Backed up against the Tabularium at the foot of the Capitoline Hill, the architecture had to accommodate the limitations of the site. The cella of the temple, for instance, is almost twice as wide (45m) as it is deep (24m), as is the pronaos. In the cella a row of Corinthian columns rose from a continuous plinth projecting from the wall, which divided the cella into bays, each containing a niche. The capitals of these columns had pairs of leaping rams in place of the corner volutes. Only the platform now remains, partially covered by a road up to the Capitol.

Influence[edit]

The main temple in the Forum in Rome seems to have been a model for temples to the goddess elsewhere in the empire—a reproduction of this temple was found at Mérida in Spain, during the excavations of the town's forum in 2002.

References[edit]

  1. ^ Ovid, Fasti, i. 641–644.
  2. ^ Plutarch, "The Life of Camillus", 42.
  3. ^ a b Livy, ix. 46.
  4. ^ Cicero, Epistulae ad Atticum, vi. 1. § 8, Pro Murena, 25.
  5. ^ Pliny the Elder, Historia Naturalis, xxxiii. 17.
  6. ^ Livy, xxii. 33, xxiii. 21.
  7. ^ Appian, Bellum Civile, i. 26.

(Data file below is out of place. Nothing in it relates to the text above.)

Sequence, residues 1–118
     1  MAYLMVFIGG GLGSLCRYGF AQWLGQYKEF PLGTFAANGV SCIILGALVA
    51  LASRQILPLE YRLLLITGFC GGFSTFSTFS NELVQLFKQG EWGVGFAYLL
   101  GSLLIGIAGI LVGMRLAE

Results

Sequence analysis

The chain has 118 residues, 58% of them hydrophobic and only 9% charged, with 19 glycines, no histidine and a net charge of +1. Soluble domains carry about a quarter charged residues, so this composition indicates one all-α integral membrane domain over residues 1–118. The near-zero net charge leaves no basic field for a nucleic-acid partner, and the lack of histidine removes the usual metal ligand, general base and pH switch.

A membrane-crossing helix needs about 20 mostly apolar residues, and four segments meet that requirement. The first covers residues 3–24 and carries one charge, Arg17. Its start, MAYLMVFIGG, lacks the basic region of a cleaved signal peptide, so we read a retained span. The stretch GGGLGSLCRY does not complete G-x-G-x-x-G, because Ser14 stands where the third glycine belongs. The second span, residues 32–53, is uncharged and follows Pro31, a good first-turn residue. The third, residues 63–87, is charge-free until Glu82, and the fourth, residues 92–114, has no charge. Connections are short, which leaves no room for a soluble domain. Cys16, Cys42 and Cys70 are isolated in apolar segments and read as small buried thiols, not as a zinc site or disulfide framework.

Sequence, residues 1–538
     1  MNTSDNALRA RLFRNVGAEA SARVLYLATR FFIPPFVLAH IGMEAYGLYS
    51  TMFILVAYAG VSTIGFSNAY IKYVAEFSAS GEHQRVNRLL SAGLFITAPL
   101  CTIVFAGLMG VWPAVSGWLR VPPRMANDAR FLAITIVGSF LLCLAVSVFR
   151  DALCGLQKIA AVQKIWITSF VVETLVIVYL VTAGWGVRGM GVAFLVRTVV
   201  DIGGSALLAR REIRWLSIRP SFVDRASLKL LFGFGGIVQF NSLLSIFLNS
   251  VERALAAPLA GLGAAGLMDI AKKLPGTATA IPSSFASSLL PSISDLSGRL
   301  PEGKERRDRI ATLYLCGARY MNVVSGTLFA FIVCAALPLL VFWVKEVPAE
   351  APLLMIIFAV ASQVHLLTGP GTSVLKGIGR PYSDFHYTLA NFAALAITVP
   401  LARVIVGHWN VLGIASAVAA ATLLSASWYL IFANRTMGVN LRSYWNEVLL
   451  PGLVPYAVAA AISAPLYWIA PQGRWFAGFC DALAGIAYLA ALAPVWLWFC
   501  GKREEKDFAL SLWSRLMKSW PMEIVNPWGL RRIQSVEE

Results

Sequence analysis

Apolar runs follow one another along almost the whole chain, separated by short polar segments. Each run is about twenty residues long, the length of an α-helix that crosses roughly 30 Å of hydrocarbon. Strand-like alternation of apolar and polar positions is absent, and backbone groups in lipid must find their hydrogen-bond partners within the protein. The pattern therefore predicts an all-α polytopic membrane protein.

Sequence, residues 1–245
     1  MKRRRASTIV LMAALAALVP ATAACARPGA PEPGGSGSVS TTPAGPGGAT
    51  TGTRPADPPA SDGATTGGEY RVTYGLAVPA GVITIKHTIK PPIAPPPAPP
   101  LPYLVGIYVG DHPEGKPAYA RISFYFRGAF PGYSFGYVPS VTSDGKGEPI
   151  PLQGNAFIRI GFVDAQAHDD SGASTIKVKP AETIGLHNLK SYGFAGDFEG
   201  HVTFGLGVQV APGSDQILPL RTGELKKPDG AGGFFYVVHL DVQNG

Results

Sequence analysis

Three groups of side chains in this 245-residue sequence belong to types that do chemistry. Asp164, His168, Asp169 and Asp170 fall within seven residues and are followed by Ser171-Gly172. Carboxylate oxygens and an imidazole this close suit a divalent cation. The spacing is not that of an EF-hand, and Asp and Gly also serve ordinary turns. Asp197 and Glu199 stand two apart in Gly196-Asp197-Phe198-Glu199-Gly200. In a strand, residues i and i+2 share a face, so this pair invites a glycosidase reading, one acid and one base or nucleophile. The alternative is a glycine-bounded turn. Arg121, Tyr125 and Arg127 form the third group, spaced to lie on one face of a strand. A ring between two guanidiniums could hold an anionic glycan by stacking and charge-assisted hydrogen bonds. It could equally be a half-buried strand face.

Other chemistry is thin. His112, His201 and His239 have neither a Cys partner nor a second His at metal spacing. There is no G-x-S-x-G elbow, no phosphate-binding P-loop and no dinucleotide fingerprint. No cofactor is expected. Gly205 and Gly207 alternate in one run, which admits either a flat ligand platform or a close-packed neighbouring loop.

8. ^ Plutarch, "The Life of Gaius Gracchus", 17.
  9. ^ Cicero, Pro Sestio, 140.
  10. ^ Augustine, De Civitate Dei, iii. 25.
  11. ^ Cicero, In Catilinam, iii. 21, Pro Sestio, 26, De Domo Sua, 111, Philippicae, ii. 19, 112, iii. 31, v. 18.
  12. ^ Sallust, Bellum Catilinae, 46, 49.
  13. ^ Cassius Dio, lviii. 2, 4.
  14. ^ a b Platner & Ashby, Topographical Dictionary of Ancient Rome, s. v. Concordia, Aedes, Templum.
  15. ^ Pliny the Elder, Historia Naturalis, xxxiv. 73, 77, 80, 89, 90, xxxv. 66, 131, 144, 196, xxxvii. 4.
  16. ^ Livy, xxvi. 23, xxxix. 56, xl. 19.
  17. ^ Obsequens, Liber de Prodigiis, 4.
  18. ^ Ovid, Fasti, i. 640, 643–648
  19. ^ Cassius Dio, lvi. 25
  20. ^ Suetonius, "The Life of Tiberius", 20.
  21. ^ CIL VI, 89.
  22. ^ Lanciani, Pagan and Christian Rome, 53

Bibliography[edit]

External links[edit]